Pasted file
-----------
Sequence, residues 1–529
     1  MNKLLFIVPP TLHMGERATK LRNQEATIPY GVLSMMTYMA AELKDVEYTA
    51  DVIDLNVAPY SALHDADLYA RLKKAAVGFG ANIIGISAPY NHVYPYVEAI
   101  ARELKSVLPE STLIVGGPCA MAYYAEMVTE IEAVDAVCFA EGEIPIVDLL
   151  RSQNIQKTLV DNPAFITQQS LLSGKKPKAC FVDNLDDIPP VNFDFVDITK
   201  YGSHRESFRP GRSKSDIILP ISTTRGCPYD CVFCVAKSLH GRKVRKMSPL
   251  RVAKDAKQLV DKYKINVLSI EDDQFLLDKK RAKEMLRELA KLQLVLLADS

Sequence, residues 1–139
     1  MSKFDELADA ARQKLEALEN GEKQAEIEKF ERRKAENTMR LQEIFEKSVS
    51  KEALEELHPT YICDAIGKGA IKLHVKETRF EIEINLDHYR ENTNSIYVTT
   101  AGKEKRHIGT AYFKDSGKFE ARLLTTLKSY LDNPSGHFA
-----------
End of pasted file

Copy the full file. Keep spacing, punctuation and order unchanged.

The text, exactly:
Sequence, residues 1–529
     1  MNKLLFIVPP TLHMGERATK LRNQEATIPY GVLSMMTYMA AELKDVEYTA
    51  DVIDLNVAPY SALHDADLYA RLKKAAVGFG ANIIGISAPY NHVYPYVEAI
   101  ARELKSVLPE STLIVGGPCA MAYYAEMVTE IEAVDAVCFA EGEIPIVDLL
   151  RSQNIQKTLV DNPAFITQQS LLSGKKPKAC FVDNLDDIPP VNFDFVDITK
   201  YGSHRESFRP GRSKSDIILP ISTTRGCPYD CVFCVAKSLH GRKVRKMSPL
   251  RVAKDAKQLV DKYKINVLSI EDDQFLLDKK RAKEMLRELA KLQLVLLADS

Sequence, residues 1–139
     1  MSKFDELADA ARQKLEALEN GEKQAEIEKF ERRKAENTMR LQEIFEKSVS
    51  KEALEELHPT YICDAIGKGA IKLHVKETRF EIEINLDHYR ENTNSIYVTT
   101  AGKEKRHIGT AYFKDSGKFE ARLLTTLKSY LDNPSGHFA